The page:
Pakistani Foreign Minister Bilawal Bhutto Zardari and Iranian Foreign Minister Hossein Amir-Abdollahian in Tehran on 14 June 2022. (Photo credit: Tasnim News Agency)
Afghanistan was one of many topics addressed at the joint press conference of Iranian Foreign Minister Hossein Amir-Abdollahian and his Pakistani counterpart Bilawal Bhutto Zardari during the visit of Zardari to Tehran on 14 June.
Amir-Abdollahian was clear in saying that Iran maintains ties with the interim governing body of Afghanistan simply because they share a common border, and highlighted the need for the Taliban to form an inclusive government with the participation of all ethnicities as the only solution to the crisis in Afghanistan.
Zardari also discussed the various problems facing Afghanistan, saying that Afghans need to access their assets, in reference to the part of Afghanistan’s sovereign wealth held up in foreign reserves, and unilaterally seized by the US in August 2021.
The Pakistani official noted that both Iran and Pakistan have hosted millions of Afghan refugees over nearly 40 years.
Following the dissolution of the Taliban in the 2000s, Iran’s Islamic Revolutionary Guard Corps (IRGC) forged ties with the more moderate factions of the Taliban.
These factions make up the current Taliban leadership, which has led many to hope that pledges by the Taliban to uphold the rights of religious minorities and women would be implemented.
However, the factions of the Taliban which represent the old leadership are still present among the ranks of the organization, triggering infighting over the type of governance that Afghan people would most benefit from.
Iran and China have also made it clear they will monitor the Taliban’s adherence to these pledges as a condition for partnership, including in China’s Belt and Road Initiative.
The statement by the Iranian foreign minister is a reminder to the interim Afghan government of the need to adhere to pledges expected by their Asian partners when forming a permanent government.
Amir-Abdollahian also addressed the attempts to revive the 2015 Iran nuclear deal, in an emphasis that Tehran is keen on remaining at the negotiating table.
“We will not end the dialogue, but we will increase our nuclear activities,” the Iranian official declared.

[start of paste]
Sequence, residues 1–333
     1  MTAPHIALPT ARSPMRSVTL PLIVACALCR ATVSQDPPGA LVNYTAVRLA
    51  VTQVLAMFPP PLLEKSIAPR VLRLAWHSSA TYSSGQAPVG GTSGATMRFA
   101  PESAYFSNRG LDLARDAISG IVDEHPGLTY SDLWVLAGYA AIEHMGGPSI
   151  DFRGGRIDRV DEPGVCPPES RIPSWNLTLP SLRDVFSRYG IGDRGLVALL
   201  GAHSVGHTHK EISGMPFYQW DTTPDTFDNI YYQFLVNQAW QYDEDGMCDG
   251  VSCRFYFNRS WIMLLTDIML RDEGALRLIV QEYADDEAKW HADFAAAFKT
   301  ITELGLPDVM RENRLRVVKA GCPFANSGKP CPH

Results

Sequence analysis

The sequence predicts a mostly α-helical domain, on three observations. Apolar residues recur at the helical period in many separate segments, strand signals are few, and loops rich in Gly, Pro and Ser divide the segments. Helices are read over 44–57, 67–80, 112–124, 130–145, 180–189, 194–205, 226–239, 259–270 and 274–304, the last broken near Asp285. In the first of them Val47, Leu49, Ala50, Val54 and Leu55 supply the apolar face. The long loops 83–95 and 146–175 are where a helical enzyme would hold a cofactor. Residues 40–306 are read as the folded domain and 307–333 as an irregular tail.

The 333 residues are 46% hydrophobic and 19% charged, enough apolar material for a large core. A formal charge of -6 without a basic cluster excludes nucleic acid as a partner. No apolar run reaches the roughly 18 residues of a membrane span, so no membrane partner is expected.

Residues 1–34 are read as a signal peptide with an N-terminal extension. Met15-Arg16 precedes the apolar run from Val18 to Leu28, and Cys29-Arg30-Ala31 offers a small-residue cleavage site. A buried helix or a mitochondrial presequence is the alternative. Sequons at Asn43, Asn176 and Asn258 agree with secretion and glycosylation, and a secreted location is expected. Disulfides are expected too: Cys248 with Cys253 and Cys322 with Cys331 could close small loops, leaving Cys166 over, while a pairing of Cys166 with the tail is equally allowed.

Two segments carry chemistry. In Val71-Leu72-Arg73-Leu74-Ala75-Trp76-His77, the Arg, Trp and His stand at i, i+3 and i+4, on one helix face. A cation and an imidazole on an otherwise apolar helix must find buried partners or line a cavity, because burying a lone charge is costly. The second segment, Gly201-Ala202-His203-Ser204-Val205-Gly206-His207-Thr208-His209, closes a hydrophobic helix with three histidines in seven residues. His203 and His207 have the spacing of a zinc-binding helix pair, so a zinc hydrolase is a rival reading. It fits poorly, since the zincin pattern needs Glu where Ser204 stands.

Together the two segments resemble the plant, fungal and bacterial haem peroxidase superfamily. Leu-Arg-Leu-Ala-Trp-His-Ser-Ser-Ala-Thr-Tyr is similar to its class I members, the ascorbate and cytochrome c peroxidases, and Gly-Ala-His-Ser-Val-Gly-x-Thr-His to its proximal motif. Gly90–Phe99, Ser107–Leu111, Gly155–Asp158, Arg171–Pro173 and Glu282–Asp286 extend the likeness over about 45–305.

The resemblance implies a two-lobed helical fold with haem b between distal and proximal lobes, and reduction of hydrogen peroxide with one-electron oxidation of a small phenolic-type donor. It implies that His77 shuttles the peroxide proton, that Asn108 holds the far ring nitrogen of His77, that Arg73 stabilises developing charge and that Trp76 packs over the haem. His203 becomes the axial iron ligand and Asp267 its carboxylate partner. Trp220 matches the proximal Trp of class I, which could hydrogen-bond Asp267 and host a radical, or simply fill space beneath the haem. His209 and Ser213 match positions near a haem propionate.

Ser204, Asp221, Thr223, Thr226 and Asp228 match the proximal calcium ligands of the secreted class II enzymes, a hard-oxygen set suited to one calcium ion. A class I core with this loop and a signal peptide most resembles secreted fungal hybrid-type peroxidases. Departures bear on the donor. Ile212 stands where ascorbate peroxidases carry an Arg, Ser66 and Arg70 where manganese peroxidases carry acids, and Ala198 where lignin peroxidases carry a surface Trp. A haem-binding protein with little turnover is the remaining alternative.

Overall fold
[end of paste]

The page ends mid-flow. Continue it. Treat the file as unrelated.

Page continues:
Amir-Abdollahian slammed the US-led resolution against Iran at the International Atomic Energy Agency (IAEA), stating that the US issued the measure in an attempt to pressure Iran into sacrificing some of its core issues at the negotiating table.
The IAEA included some of the elements of the original US resolution in the final draft that was ratified by the UN nuclear watchdog, and which accused Iran of allegedly failing to cooperate with the nuclear organization.
Iran has accused the IAEA of being politically compromised by Israel, following the visit of the IAEA chief to Tel Aviv on 3 June. Israel has several hundred semi-secret nuclear weapons as part of a nuclear program which is not subject to inspections.
In response to the IAEA resolution, the Islamic Republic increased their nuclear activities incrementally. The Iranian foreign ministry described the countermeasures as “decisive and appropriate.”
Iran also disconnected several IAEA cameras at various nuclear facilities across the country as a countermeasure.
“The Islamic Republic of Iran took retaliatory action by revving up its nuclear activities,” stated Amir-Abdollahian in reference to the countermeasures.
The Islamic Republic has previously presented evidence that the IAEA sends in spies and saboteurs under the guise of nuclear inspectors, who allegedly pass sensitive information on to Iran’s adversaries.
Skepticism towards the neutrality of IAEA also increased after the assassination of Iranian nuclear scientist Mohsen Fakhrizadeh.
The two sides discussed the need for a diplomatic resolution to the war against Yemen and the war in Ukraine, and for the Muslim world to unite in support of ending the Israeli occupation of Palestine.